The first of two new podiatry theatres opened on the first of June at the Norwich Community Hospital, as a project to refurbish part of the hospital site.
Following a deep clean of the theatres, the first theatre has now opened to patients, along with associated preparation and recovery suites and new general consulting and treatment rooms, which have also been installed as part of the £1.5m project. The second theatre will become operational over the next few weeks.
The service will be provided by Norfolk Community Health and Care (NCH&C), who will manage the theatres at Norwich Community Hospital. The theatres will mean patients requiring operations on their feet or lower leg - such as for bunions, ingrown toenails and arthritis of the toes - will be able to be treated in a modern, clinical facility.
Previously, patients requiring these operations could be seen at the existing podiatry clinic at the Norwich Community Hospital, which has now been replaced as it only had one theatre and had become outdated. The existing clinic will now close and be transferred to the newly refurbished unit on the Turnstone Court area of the Norwich Community Hospital.
Building and refurbishment work for this project has been underway at the Norwich Community Hospital site since August 2009 and has involved the collaborative efforts of NHS Norfolk and two estates partners - Anglia Support Partnership (ASP) and Norlife. The organisations have worked together to complete the refurbishment of the site, which was formerly used by office staff.
ASP put together an initial design for the unit, after speaking with podiatric staff to ensure it met modern requirements for podiatric surgery. ASP then helped ensure the requirements of the podiatry team and NHS standards were maintained during the development of the project.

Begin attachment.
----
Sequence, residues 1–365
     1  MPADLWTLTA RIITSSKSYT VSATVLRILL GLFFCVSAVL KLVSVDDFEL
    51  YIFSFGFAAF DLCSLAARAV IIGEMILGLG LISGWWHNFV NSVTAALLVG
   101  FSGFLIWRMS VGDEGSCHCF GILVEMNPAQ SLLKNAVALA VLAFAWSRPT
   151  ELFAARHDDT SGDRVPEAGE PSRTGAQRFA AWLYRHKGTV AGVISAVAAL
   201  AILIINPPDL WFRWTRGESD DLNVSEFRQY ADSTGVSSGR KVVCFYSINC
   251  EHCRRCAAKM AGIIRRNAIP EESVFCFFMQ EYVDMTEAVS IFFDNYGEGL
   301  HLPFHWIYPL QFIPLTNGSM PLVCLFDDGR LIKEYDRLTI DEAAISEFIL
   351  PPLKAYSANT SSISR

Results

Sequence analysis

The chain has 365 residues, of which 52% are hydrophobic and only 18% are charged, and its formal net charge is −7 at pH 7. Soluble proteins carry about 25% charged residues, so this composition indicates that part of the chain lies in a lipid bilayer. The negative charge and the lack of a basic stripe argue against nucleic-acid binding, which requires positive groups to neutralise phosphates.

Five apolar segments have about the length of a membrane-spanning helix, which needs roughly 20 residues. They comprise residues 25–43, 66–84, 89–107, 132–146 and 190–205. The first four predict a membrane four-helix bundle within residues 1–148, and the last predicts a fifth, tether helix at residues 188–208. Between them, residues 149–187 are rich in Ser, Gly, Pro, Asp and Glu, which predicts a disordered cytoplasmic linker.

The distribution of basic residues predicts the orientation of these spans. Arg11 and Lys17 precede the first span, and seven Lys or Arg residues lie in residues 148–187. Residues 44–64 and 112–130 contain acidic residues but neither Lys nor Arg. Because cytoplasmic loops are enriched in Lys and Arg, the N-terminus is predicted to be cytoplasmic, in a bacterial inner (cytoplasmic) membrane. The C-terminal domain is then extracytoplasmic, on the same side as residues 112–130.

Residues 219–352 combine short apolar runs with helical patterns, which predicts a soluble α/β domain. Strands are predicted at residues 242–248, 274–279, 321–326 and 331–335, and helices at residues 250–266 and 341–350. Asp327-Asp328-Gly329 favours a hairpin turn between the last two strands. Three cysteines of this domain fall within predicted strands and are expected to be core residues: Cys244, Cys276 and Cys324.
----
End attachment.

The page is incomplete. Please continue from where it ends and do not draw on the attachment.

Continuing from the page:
The capital funding for the project (£1.5m) has been provided by Norlife, which is an organisation consisting of both public and private partners. Norlife is made up of Guildhouse UK Ltd (a private sector partner), NHS Norfolk, and Community Health Partnerships. While Norlife has funded the capital costs of the project, NHS Norfolk has agreed to pay for the facility monthly, on a lease basis.
Graham Copsey, NHS Norfolk's Assistant Director of Estates Commissioning, said: "At a time of economic pressure, NHS Norfolk is looking to make public money go as far as possible. This agreement with Norlife means NHS Norfolk has minimal costs up-front, but can make these podiatry theatres a reality for patients now.
"This project is a really good example of a number of organisations coming together to make a scheme successful, so we now have a modern clinical facility which will really benefit patients. The new podiatry theatres will be a wonderful resource for people needing podiatric surgery."
Norlife General Manager, June Gemmell, added: "This is the first project of its kind that I have been involved in since taking my role at Norlife and I am delighted with the result. After months of hard work, we are now in a position to get patients using this facility, which is very rewarding."
For further information please contact Norlife LIFTCo